Even as the public is highly opinionated about Mithali Raj’s non-inclusion from the World Twenty20 semifinal against England, and even as the visibility of Harmanpreet Kaur, Smriti Mandhana, Jemimah Rodrigues, Veda Krishnamurthy and Jhulan Goswami has risen, many women cricketers in India go about their business season after season without much recognition. They are faceless in many ways, acknowledged only through their names on online scorecards. They play cricket in a small window within a domestic season that runs from August to May, and those who do not hold a job with Indian Railway go back to working to make a living in the off-season.
For these cricketers, the happiest pockets of the year come when there is on-field action. The T20 Challenger Trophy, which India Blue won, in August marked the beginning of the 2018-19 season, but then there was no cricket for more than three months except for practice sessions as focus shifted towards India’s tour of Sri Lanka, Australia A’s trip to India and the World T20. The hunger to get back into the groove will come to the fore when the senior domestic season resumes with the inter-state 50-over competition on Saturday (December 1). To be played in 12 venues, of which only the M Chinnaswamy Stadium in Bangalore is of international standard, the final is scheduled at Alur on December 31.
It will be first time that the women cricketers will be playing in the new format that BCCI introduced this season. While five top teams will qualify for the quarterfinals from Elite Group A and B combined, two will make it from Elite Group C and one from Plate Group, which consists of Manipur, Sikkim, Arunachal Pradesh, Meghalaya, Nagaland, Mizoram, Pondicherry and Uttarakhand – all debutants, and Bihar, who are returning to the BCCI fold after 2003-04.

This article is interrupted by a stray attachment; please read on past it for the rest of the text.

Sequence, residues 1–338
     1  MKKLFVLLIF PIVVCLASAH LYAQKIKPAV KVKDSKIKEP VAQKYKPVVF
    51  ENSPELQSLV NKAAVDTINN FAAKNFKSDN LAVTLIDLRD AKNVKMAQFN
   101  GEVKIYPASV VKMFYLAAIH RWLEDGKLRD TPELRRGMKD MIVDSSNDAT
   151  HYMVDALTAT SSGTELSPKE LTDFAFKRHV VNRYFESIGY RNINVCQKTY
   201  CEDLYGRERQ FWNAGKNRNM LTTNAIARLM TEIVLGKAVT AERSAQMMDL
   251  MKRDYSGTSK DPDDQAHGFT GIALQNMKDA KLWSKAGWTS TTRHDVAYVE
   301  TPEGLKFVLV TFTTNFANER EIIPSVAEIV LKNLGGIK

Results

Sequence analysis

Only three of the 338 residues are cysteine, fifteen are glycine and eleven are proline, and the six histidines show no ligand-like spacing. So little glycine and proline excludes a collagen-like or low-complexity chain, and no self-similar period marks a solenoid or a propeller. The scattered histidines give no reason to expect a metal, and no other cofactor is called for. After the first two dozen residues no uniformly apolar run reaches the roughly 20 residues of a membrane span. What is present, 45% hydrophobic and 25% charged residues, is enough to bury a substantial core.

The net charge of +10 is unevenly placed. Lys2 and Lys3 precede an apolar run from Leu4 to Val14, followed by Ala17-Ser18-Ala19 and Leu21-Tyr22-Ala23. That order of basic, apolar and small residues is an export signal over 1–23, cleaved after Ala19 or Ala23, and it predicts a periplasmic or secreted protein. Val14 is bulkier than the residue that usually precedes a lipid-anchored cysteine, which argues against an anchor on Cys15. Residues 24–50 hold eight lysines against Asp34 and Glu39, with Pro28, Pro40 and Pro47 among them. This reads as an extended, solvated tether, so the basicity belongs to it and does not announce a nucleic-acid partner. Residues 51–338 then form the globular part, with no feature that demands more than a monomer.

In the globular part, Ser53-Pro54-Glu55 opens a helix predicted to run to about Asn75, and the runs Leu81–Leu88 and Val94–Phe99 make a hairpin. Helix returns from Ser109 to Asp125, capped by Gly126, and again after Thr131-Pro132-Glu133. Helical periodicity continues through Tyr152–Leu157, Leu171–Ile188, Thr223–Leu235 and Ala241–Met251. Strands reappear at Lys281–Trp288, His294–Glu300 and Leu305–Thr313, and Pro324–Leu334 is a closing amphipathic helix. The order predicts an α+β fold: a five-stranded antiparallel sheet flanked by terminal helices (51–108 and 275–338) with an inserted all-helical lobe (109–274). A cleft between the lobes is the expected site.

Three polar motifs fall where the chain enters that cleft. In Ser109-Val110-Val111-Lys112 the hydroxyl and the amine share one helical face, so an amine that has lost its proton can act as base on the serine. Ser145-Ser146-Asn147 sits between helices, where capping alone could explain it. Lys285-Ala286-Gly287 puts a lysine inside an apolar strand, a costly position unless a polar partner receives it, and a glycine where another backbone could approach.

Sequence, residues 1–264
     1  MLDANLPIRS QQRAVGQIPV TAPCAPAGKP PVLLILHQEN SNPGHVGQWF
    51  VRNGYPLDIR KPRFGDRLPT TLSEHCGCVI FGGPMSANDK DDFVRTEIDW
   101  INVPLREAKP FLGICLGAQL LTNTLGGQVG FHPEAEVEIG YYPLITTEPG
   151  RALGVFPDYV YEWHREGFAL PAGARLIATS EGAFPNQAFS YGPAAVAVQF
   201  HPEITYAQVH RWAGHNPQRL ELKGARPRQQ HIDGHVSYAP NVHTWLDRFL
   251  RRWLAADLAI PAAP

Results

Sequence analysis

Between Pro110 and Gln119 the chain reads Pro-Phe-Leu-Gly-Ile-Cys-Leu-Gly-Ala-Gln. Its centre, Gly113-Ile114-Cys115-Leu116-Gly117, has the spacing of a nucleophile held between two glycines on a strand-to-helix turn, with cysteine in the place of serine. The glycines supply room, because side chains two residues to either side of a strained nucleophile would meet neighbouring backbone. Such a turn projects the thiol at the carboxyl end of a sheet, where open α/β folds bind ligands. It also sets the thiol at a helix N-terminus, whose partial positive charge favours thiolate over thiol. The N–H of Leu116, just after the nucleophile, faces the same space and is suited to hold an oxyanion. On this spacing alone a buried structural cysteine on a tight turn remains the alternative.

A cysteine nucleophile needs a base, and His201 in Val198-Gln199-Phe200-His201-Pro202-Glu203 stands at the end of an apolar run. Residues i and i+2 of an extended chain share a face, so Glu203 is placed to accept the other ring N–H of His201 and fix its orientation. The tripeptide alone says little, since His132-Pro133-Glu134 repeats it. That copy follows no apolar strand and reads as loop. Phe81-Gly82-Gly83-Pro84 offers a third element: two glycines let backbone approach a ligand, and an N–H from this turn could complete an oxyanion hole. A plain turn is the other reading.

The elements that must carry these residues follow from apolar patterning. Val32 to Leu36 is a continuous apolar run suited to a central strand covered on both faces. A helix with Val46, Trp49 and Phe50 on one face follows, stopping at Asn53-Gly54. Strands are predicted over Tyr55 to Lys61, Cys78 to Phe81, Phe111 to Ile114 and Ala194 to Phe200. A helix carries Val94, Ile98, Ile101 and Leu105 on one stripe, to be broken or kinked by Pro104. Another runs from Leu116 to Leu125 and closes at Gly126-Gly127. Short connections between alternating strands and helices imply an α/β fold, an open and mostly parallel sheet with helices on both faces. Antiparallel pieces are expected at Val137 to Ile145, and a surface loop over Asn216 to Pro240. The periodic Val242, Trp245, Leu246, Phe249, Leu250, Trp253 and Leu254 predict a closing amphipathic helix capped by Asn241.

The introduction of nine teams is a part of the implementation of the Lodha Committee recommendations and there are bound to be a lot of lopsided matches, but the board has tried its best in preparing them. Sikkim, for example, are coached by Purnima Rau, the former India captain and coach, and have Ananya Upendran, the senior Hyderabad pacer, Archana Das, who will lead them, and Archana Das and Priyanka Acharya as professionals. Karuna Jain will lead Nagaland and Anagha Deshpande will be in charge of Pondicherry. The senior duo of Latika Kumari and Gouher Sultana will also turn up for Pondicherry.
Railways are the defending champions, but they were pushed last season and for only the second time did not win a BCCI event when they failed to make it to the Super League stages of the inter-state T20 competition. As usual, Mithali, who has had a few difficult days, will be at the helm.
In her email to Rahul Johri and Syed Saba Karim, BCCI’s CEO and GM, she alleged Ramesh Powar, India’s coach, of ill-treatment during the World T20 and also said Diana Edulji, one of the two-member Committee of Administrators, is biased against her. Powar was equally scratching in the assessment of the senior-most player in his report to BCCI. Both the emails were leaked, and that led Mithali to tweet that she was “deeply saddened & hurt by the aspersions cast” on her and called it the “darkest day of my life.”